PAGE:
My life as a writer makes sense to me even though the content of the words changes wildly from day to day, hour to hour, minute by minute. Sometimes I’m working on the fiction that has led to five thriller novels. Other times I’m working on the articles about prosecutorial power that got me tenure as a professor at Hofstra Law School. Either way, I’m writing.

I’ve noticed, however, that other people find my work puzzling. How can I write both fiction and legal scholarship? How can I wear such different hats? Most daunting of all, they ask: How long can I continue to have two jobs?

Two jobs. Wow. That sounds hard.

Some days, the rare ones when I feel sorry for myself, I find my thoughts moving in that direction. I allow myself to feel pulled in two. I make what I do seem complicated. I let myself feel like Cybil, but with a MacBook Air.

But after my conversation with Gretchen, I’ve vowed to set that stinkin’ thinkin’ aside. I am a writer, pure and simple. And real writers write. A lot. About different subjects, in different formats, for different audiences, and sometimes just for ourselves. If I wrote only fiction, couldn’t I knock myself around for writing both the Ellie Hatcher and Samantha Kincaid series, as well as the occasional short story and blog post? If I wrote only as an academic, might I wonder whether I should write only pure theory or get out there in the real world as a pundit/practitioner?

My way of being a writer might not make sense to other people, but I’m continually surprised by how well it works for me. My loftier thoughts about the criminal justice system find their way into the stories of Ellie and Samantha. Translating police and court procedures into stories about actual people makes me a better classroom teacher and academic. My book friends, like my new friend Gretchen, are much more impressed by my academic life than my academic friends are, while my academic colleagues marvel that I publish thrillers. Meanwhile, I’m in awe of all of them because they are writers, too, and I know that all writers, no matter what they are writing, have to work hard.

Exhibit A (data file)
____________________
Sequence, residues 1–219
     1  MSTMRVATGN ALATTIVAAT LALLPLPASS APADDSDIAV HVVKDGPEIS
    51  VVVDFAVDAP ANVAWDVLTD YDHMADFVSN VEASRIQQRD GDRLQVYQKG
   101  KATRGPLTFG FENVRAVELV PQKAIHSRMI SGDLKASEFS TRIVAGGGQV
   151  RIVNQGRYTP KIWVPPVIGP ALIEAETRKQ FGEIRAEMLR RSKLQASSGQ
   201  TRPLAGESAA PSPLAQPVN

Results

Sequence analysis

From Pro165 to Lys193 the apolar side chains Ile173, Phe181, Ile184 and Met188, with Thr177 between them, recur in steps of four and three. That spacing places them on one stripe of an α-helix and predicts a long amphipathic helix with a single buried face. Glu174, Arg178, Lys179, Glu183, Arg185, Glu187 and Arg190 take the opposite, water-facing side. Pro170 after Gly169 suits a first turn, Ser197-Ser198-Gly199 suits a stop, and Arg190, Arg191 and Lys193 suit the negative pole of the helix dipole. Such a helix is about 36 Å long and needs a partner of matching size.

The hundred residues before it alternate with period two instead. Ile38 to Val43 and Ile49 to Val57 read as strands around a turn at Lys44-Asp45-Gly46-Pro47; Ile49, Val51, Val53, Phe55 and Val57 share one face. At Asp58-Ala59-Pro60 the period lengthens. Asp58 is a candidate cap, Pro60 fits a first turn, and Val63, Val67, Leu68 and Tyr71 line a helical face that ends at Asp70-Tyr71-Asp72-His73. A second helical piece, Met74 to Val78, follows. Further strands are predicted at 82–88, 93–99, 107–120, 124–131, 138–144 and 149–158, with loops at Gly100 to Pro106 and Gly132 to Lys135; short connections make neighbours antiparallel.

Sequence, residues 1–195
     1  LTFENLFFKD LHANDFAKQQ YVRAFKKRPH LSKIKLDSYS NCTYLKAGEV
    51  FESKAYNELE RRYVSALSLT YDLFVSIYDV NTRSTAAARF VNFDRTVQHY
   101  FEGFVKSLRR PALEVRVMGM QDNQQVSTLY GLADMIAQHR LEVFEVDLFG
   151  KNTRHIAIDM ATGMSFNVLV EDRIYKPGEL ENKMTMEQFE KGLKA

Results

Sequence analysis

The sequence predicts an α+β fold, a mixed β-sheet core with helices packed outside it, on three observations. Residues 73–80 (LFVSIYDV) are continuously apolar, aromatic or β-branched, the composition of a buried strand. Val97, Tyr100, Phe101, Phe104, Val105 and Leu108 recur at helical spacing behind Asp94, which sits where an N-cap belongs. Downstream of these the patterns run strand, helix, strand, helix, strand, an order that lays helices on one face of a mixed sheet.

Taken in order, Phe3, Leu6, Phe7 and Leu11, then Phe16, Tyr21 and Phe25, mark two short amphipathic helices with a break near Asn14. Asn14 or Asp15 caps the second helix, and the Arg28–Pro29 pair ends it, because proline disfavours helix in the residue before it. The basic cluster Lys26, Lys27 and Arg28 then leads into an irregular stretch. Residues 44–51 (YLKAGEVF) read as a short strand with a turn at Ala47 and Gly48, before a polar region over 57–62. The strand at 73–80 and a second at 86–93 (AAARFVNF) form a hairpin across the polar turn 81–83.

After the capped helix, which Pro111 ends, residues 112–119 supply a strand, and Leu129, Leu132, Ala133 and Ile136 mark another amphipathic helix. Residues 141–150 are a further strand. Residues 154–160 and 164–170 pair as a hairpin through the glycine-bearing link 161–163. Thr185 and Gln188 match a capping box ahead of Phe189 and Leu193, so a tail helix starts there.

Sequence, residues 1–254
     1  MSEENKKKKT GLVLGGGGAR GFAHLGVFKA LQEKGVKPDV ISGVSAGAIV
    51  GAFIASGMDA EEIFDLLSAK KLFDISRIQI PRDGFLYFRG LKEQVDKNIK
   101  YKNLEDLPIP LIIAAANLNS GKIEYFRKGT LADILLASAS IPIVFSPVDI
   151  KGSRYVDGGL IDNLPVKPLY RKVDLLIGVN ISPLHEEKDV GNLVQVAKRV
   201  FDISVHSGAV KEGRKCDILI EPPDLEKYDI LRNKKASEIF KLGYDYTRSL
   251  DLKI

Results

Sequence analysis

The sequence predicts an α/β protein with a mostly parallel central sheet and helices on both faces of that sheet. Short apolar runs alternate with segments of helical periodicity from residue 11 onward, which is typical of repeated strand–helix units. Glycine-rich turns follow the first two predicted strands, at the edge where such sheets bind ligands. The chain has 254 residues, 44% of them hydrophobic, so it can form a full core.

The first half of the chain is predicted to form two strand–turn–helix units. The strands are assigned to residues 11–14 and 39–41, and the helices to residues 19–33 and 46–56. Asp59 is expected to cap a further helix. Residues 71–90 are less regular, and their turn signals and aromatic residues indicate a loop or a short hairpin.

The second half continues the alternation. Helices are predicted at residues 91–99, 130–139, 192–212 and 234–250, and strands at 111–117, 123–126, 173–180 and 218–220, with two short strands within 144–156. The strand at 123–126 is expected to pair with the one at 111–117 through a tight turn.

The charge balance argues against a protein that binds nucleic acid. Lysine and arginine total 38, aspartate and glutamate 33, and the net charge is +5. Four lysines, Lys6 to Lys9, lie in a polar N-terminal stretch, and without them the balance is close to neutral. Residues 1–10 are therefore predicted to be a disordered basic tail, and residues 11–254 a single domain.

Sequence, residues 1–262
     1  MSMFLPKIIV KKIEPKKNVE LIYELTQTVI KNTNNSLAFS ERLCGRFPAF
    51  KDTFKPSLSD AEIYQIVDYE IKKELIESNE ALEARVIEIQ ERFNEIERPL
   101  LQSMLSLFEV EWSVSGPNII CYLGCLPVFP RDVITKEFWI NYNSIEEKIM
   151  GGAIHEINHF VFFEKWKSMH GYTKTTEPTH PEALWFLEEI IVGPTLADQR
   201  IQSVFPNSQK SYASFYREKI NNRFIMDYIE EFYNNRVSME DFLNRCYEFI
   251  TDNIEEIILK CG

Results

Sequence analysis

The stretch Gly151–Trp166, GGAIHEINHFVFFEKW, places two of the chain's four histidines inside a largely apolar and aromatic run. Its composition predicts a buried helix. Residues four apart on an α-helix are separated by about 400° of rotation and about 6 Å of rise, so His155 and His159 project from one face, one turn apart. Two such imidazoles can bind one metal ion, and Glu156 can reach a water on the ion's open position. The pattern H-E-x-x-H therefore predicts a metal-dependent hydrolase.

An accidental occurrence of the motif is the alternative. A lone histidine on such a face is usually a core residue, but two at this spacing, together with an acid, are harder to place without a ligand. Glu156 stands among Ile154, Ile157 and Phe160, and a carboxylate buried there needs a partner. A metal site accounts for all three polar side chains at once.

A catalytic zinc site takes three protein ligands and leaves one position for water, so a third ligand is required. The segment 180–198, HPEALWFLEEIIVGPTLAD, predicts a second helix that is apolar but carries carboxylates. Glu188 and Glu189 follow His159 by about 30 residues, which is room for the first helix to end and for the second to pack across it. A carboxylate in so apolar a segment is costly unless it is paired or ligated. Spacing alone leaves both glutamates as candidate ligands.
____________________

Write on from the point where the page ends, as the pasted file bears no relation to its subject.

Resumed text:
I finished my first book by telling myself I was a writer. I need to continue to treat myself as one. No pats on the back, but also no apologies or explanations. I’m a writer who writes what I know. That’s not going to change.

Free Books on Facebook

I have a new author Page on Facebook, where I’ll announce all new books, appearances, have contests, post video interviews, and talk about books and writing. I hope you’ll join my Page. To get things started, I’ll be having a raffle to give away five signed copies of Angel’s Tip to friends who join my new Page. Just join me there and write on the wall saying you’re a reader by Monday, Jun 22, and you’ll be entered. Winners can choose either paperback or hardback.

Here’s the link to the new page.


New Online Interview

My friend and fellow author, D.P. Lyle, MD, was kind enough to interview me for The Writer’s Forensic Blog. In the interview, I talk about the connection between Angel’s Tip and the murder of Imette St. Guillen, my writing approach to forensics, and why my next book should feature a crime writer -law professor who wins the lottery.

Read the full interview here.